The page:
Visibly upset, she didn’t want to talk Trump or politics — this is her livelihood, not a talking point — but viewed from her perspective, the economy is not something to celebrate.
“They keep claiming the economy is growing, but all I see is jobs closing. They keep talking about jobs being created, but those are not jobs that can sustain a lifestyle, that can support the middle class,” Murry said.
Similarly, Deborah West, a 65-year-old security guard at St. Joseph’s University in Philadelphia, said a hike in the minimum wage would have meant far more to her than Trump’s tax cuts. Until Social Security kicks in, she is getting by on $347 take-home pay a week. “I’m really pinching this week. The rent is due, it’s the first of the month, and I’m just trying to make it.”
(West, Murry, and Hoffman are not part of the Democratic campaign, although West and Hoffman both oppose Trump.)
Against such painful individual anecdotes stand extensive data that suggest the economy, which was growing before Trump took office, has continued surging.
Despite the GM closure, manufacturing jobs in Michigan have increased under Trump. They’re up in Wisconsin and Pennsylvania, too, though not as much.
A recent Fox News poll found that 52% of Americans approved of Trump’s handling of the economy, a finding consistent with an array of surveys.
A strong economy frequently bodes well for presidents seeking reelection.
Pence, in Pennsylvania, pointed to manufacturing, which has added 4,000 jobs in the state since Trump took office, according to federal data. That’s an increase of less than 1 percent during the president’s tenure. Nationally, manufacturing job growth has been far stronger, about 4 percent, though it has begun to stall amid Trump’s trade war.
David Cross, president and owner of Mowery Construction in York County, has seen the benefits of the boom. Revenue at his commercial building company leapt by 60 percent in the 2017-18 fiscal year.
“In terms of the economy and how the economy is playing out for the construction industry, I don’t think you could ask for anything more,” he said, though he stressed that he did not intend his perspective as a political commentary.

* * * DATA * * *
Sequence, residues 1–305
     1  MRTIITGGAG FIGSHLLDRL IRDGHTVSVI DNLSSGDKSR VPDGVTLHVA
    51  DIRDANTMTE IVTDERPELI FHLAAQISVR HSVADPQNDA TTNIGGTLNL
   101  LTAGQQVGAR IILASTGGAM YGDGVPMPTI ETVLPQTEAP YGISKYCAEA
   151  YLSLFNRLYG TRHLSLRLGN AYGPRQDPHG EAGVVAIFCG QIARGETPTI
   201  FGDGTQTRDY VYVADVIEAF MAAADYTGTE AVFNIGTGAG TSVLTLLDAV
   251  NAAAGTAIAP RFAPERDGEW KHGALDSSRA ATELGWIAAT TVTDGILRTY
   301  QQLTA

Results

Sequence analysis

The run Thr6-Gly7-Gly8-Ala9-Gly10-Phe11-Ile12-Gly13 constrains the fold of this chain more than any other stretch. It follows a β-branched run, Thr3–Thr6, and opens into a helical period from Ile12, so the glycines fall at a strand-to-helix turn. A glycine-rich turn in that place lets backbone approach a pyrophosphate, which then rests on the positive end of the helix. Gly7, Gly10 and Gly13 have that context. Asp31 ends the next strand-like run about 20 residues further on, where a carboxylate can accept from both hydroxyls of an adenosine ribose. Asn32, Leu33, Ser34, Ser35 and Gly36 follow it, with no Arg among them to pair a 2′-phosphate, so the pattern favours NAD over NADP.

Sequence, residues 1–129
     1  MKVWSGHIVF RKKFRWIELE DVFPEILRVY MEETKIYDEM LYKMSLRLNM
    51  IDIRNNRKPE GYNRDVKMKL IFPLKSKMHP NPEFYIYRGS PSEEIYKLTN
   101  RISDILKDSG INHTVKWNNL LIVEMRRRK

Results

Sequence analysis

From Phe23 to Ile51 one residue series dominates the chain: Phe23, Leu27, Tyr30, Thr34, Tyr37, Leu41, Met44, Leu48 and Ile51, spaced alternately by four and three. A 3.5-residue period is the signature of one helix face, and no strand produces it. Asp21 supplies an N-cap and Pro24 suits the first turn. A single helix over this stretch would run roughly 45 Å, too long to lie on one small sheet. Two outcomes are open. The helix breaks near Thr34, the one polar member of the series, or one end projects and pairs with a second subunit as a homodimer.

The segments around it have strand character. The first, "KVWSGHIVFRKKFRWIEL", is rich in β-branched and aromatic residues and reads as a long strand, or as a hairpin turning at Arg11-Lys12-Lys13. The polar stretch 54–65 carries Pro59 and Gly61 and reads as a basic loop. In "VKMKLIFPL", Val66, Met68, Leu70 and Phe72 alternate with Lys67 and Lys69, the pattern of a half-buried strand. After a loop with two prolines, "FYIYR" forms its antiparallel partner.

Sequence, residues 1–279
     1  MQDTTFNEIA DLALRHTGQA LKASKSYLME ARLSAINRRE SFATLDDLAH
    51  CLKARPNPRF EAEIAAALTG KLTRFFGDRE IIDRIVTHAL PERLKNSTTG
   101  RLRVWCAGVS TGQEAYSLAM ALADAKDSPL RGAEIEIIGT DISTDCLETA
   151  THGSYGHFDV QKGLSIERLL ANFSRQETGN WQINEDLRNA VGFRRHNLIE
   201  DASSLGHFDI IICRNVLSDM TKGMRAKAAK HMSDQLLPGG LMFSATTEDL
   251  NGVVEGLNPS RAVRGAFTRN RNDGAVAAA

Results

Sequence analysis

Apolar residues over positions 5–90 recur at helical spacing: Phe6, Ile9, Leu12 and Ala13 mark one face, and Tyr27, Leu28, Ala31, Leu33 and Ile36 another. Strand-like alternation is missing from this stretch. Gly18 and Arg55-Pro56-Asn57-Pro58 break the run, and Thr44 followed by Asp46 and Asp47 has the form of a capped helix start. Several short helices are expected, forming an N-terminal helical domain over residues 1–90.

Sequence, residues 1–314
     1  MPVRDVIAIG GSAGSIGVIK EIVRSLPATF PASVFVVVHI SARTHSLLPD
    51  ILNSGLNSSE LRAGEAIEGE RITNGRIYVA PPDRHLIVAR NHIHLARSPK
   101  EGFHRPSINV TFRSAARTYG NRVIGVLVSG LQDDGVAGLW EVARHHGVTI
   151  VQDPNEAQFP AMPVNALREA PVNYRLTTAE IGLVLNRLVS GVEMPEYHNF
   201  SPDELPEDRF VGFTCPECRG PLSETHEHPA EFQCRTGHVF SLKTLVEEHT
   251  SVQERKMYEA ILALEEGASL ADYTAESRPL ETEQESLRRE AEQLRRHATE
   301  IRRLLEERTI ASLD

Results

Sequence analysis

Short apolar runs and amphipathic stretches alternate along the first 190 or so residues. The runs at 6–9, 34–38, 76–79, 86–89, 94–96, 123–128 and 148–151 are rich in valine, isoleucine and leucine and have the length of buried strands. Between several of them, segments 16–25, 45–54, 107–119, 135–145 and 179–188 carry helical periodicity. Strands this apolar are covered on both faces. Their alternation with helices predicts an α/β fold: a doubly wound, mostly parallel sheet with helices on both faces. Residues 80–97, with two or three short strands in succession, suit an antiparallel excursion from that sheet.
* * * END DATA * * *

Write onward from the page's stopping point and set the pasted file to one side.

As consumer confidence has grown, so has demand for the e-commerce warehouses and auto dealerships that make up a significant piece of his business. Mowery added 10 jobs in the last year. One of Cross’ biggest challenges is finding enough people to hire. He invested nearly $1 million in new technology, thanks in large part to savings from Trump’s tax cut.
Still, he also had worries. Trump’s steel tariffs have ramped up costs and unpredictability. Mowery ate a $100,000 increase in steel on a recent job. Trump has rattled markets further with an announcement of new tariffs on Chinese goods.
“The whisper of a tariff, the whisper of an increase in foreign steel, translates almost instantly to an increase in steel prices domestically,” Cross said.
York County, which saw a voting surge for Trump in 2016, illustrates some of the contrasts.
The unemployment rate has fallen to 3.3 percent, lower than the state and national averages, and manufacturing remains its top sector, said Kevin Schreiber, president and CEO of the York County Economic Alliance, an economic development agency. Harley-Davidson recently added 450 jobs and invested $150 million at a local plant.
Home values in every York school district have just recently returned to pre-recession levels, said Schreiber, a former Democratic state representative. But he still hears concern from Realtors, because Pennsylvania leads the nation in college debt, a burden that could prevent young people from buying homes.
It’s that tension Democrats hope to emphasize.